Thursday, December 04, 2008

Once Upon a Time

Once upon a time there were two friends. They had met at church and had even sat in the same Sunday School Class for awhile. They had a lot in common; they just didn't know it. Both shared a passion for kids. Both felt their lives would be incomplete without the experience of international adoption. Both were hysterically funny and incredibly good looking. (OK, I just added that part for fun)

Then one day, someone announced that one of them had adopted from Ethiopia. The other one was jealous, intrigued, excited. And inspired.

And so a friendship began, which would see them through the good times and the bad. They would find out that they were very much alike. Their families were very much alike. They shared much more than the fact that they both had children from Ethiopia.

Like most friends, when one hurts, the other hurts. And right now, I hurt.

My friend, who has a heart of gold and a spirit that moves her more than anyone I know, met a boy from Liberia. He was nineteen and here to have hip surgery through a program called Healing the Children. He was living with a host family from a nearby community church. I will not say what that religious affiliation is, but I will say my view of that religion will forever be tainted by this experience.

Initially, they were able to help the host family by taking him to Dr.'s appointments, keeping him over the weekend, and inviting him into their family. They came to a point where they wanted to see about adopting him. Their whole family came to love this boy. The woman's eleven year old nephew, who suffers from Crohn's disease, donated his entire savings of over $200 to the boy. It had taken him the entire summer to accumulate this amount of wealth. They spent a lot of time getting to know him, and he shared much about his life in Liberia. He had fallen in an empty grave while being chased by robbers. This was when his hip was broken and he ended up getting a TB infection in the bone. I say initially... because eventually she wasn't allowed to help with this boy any longer.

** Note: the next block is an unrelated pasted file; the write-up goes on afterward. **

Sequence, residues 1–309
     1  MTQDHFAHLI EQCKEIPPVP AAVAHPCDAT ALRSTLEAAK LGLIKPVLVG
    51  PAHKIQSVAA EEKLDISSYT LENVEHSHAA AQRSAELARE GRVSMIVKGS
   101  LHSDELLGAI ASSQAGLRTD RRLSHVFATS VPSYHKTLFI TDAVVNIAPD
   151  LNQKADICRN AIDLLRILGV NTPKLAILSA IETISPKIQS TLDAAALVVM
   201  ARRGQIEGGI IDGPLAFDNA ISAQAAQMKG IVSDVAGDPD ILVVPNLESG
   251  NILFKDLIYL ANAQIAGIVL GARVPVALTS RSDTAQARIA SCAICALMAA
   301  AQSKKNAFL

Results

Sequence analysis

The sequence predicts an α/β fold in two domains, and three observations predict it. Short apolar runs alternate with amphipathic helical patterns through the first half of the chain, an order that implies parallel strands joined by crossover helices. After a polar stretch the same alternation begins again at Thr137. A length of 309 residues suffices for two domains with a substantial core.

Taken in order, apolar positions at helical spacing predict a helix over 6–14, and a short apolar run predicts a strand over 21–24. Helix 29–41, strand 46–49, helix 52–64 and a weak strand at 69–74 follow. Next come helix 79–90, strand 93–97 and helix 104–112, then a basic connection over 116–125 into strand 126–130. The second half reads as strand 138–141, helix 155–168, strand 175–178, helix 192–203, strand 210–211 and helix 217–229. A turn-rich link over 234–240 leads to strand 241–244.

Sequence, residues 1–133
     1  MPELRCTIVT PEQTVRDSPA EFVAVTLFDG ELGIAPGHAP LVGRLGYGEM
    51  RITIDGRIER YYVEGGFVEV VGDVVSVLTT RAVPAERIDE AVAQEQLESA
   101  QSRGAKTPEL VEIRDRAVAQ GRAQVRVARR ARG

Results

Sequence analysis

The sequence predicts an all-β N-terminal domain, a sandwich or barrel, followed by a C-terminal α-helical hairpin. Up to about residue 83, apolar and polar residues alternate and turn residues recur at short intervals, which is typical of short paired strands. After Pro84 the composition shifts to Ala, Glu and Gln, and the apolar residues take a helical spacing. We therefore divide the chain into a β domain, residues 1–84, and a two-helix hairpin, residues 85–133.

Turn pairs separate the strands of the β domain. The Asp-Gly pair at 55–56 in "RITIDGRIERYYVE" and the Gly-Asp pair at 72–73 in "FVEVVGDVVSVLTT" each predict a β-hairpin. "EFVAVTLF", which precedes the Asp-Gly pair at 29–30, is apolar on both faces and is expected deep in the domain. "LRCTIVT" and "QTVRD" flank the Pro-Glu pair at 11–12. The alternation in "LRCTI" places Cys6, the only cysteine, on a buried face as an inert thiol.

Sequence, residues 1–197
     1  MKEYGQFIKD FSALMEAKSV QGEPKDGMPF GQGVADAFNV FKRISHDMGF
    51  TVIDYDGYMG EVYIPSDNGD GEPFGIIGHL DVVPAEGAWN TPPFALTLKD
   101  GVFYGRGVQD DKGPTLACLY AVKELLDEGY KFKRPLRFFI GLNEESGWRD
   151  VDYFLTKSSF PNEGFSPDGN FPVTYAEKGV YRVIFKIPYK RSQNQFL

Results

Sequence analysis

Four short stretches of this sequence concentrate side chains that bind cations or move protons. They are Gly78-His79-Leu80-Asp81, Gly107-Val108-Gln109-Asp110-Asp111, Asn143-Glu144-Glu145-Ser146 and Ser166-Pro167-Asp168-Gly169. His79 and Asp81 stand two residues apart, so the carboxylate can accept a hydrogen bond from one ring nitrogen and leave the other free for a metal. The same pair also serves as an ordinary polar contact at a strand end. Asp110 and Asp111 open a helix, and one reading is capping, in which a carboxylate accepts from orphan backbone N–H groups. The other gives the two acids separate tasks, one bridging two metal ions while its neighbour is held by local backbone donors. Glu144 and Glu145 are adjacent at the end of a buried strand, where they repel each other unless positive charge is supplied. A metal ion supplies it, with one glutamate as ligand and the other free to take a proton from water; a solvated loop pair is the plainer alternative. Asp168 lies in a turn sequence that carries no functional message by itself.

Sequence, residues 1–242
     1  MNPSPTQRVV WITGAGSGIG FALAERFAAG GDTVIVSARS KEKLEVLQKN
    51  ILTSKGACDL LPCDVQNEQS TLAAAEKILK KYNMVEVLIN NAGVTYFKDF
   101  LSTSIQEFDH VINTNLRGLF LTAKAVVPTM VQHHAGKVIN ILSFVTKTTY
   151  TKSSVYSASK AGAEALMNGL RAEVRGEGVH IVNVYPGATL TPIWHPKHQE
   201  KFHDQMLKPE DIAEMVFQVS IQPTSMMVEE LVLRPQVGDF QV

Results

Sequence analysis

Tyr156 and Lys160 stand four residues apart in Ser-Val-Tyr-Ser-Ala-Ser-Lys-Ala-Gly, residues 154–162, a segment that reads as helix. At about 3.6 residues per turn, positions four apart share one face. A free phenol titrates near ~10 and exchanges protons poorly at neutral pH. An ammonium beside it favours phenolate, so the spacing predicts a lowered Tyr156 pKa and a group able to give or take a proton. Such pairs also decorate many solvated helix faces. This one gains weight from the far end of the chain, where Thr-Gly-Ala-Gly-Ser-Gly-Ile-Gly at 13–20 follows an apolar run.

As we looked into the options of adoption, we hit a brick wall. He was too old. He was not educated enough to pass the English proficiency exam and be allowed into college here. Everywhere we turned, it seemed inevitable that this boy would indeed be returning to Liberia.

The host family and church sponsor was suspicious of their motivation. They were from different religious background than ours. Evidently the host family couldn't understand why a family would want to adopt a child who was already grown. Why do you want to help? The boy would have to spend more time with the host family to learn more about their church. The boy needed to learn more about their religion and less about the Christianity displayed by my friend.

The boy was "allowed" to work for the host family. He made a lot of money for the family, but was only paid much less than minimum wage. He was not allowed to make outside calls or to know the status of his Visa. He wasn't even sure of when he would be sent back to Liberia. When my friend inquired about the status of his Visa, and what she might do to sponsor him is when the real trouble began. He was sent to another home, farther away. He was not allowed phone calls or visits. He was legally an adult... but treated like a prisoner.

The boy was able to make a few phone calls when no one was looking. He wanted my friend to know that he loves her as his mother. He wanted to let her know that he was ready to go back to Africa... where he could be free. He was ready to go back to a place where he would live in the bush, struggle to make enough money for food, and have virtually no future... just so that he would be free.

My friend received a phone call the other day to let her know the boy, the boy she loved as a son, was on his way back to Liberia. He had not even been allowed a last phone call to say good bye. He also had not been allowed to take his savings of over $1000, including the gifted money my friend's nephew had given him. He had not been allowed to take his laptop, which had been a gift as well.

I'm sure he says good bye to America with a bad taste in his mouth. Good riddance to you American do gooders. Good riddance to you religious nazi's who seek only to help only in exchange for a religious conversion experience. Good Bye America. Land of the free... my foot.


Chris said...

WOW !!!
How sad .
Sorry Gina .

Sandee said...

how sad.

You do not know, perhaps, yet...she may recieve a call or letter from Liberia. I will pray.

Jeanie said...

Wow. I'm momentarily speechless...

Peculiar Smith Family said...

What a sad experience. Tainted by a religious sect that turned all the good things that had been done for this boy into dust. I will pray that his life will be better.

Laurel said...

I am sooo.... sorry!

It would seem as if this family actually stole his money and his laptop. Is there any recourse?


SisterMom said...

You know my feelings about this. Hateful hateful hateful!!!!!!!!